Since its inception our flagship Infobright Enterprise Edition analytic platform (now renamed IEE MySQL Edition) has leveraged MySQL as its underlying data store. This week, we are excited to release our new IEE Postgres Edition. This addition to our analytics platform portfolio is based on the PostgreSQL storage engine.
There were lots of reasons to introduce support for PostgreSQL not the least of which was giving our customers and OEM partners a choice of IEE that best leverages their skill sets, corporate standards, and licensing requirements.
Support for Postgres is not the entire story for this release. IEE Postgres Edition is built on a completely new architecture designed to accommodate not only new storage engines but also puts in place the infrastructure to offer multi-machine and other high performance capabilities in subsequent releases. This new architecture is the culmination of two years of research and development based on customer input and market trends. It leverages Infobright’s expertise in machine-generated data advancing it to support Web-scale analytics for the Internet of Things.
In this new architecture, Infobright’s technology, called IB Core, is encapsulated as a process in a multi-process architecture. Communication with the storage engine is achieved through the IB Adapter and IB Interface. The new architecture differs markedly from the current IEE MySQL single-process architecture. While this monolithic architecture served the market for a MySQL-based ad hoc analytic platform, the architecture provides five key advantages:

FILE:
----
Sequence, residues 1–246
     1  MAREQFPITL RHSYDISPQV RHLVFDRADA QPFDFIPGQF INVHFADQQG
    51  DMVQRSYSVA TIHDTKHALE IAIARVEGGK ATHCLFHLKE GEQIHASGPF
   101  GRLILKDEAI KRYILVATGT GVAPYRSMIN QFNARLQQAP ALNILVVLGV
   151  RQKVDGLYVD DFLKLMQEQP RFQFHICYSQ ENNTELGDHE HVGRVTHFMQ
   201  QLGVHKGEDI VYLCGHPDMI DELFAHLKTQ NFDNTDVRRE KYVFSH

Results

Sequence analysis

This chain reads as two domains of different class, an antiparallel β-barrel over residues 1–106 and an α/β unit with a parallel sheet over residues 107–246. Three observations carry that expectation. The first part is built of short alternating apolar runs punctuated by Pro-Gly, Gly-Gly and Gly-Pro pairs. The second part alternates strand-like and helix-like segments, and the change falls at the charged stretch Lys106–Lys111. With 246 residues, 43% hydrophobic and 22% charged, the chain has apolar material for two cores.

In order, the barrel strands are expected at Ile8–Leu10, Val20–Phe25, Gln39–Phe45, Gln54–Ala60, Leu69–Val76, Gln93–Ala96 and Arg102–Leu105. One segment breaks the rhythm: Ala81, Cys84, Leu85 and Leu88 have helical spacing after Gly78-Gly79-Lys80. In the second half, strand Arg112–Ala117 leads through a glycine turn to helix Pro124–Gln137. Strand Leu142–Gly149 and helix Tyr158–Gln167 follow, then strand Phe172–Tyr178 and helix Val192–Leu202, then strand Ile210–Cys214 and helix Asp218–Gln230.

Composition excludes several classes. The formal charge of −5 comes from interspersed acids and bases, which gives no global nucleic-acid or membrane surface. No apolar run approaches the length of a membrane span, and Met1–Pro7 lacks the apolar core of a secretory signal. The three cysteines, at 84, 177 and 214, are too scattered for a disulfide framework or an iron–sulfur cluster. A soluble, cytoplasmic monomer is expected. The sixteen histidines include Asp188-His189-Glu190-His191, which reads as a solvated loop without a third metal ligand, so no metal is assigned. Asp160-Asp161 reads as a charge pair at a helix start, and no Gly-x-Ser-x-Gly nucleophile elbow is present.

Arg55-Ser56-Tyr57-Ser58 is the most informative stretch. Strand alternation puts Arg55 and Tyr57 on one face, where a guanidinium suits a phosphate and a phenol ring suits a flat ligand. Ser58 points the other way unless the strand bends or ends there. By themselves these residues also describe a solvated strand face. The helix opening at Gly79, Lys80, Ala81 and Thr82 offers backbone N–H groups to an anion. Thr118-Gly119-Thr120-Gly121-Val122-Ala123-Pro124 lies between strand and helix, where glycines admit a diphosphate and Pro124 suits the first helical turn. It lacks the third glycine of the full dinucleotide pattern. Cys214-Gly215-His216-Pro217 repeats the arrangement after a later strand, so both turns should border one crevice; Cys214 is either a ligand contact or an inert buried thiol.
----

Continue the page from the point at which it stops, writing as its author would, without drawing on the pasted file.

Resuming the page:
- Isolation from the underlying data storage engine
- Better control over memory management between IB Core and PostgreSQL
- More control over process management between IB Core and PostgreSQL.
- The ability to support additional storage engines in the future, including NoSQL stores.
- Putting in place the foundation for multi-machine scaling, real-time data loading and high availability and disaster recovery options.
In addition to our requirement to evolve the architecture to accommodate different storage engines, we had the additional goal to maintain functional and performance parity across our entire analytics platform portfolio. With the release of IEE Postgres Edition, I am very pleased to say that these goals were met and validated through an extensive beta program. Of course, differences in data types and sizes, as well as supported character set differences between MySQL and Postgres, are inherited in IEE. A migration utility is available to help existing IEE MySQL Edition customers who choose to move to the IEE Postgres Edition.
Choosing between IEE MySQL and Postgres Editions
Both of our IEE editions are similar in functionally and performance. When considering which platform is right for your business, consider these points:
- Your company’s database standards and skill set
- Are you porting an existing MySQL or Postgres database?
- Does your company have an investment in third party tools for either MySQL or Postgres?
- Do you need flexible licensing options?
More to come
We are really excited about this new release. The new architecture is a giant step forward and is designed to continue the evolution to a high performance analytic platform supporting Web-scale analytics for the Internet of Things. Expect to see many other exciting new capabilities released over the upcoming months, including multi-machine query capabilities, new advanced analytics features like Approximate Queries, integration with third party data sources, and high performance real-time data loading. MySQL customers will also be pleased be pleased to learn that IEE MySQL Edition will be migrated to this new architecture later this year, ensuring access to all of the new capabilities planned for IEE.Subscribe to Blog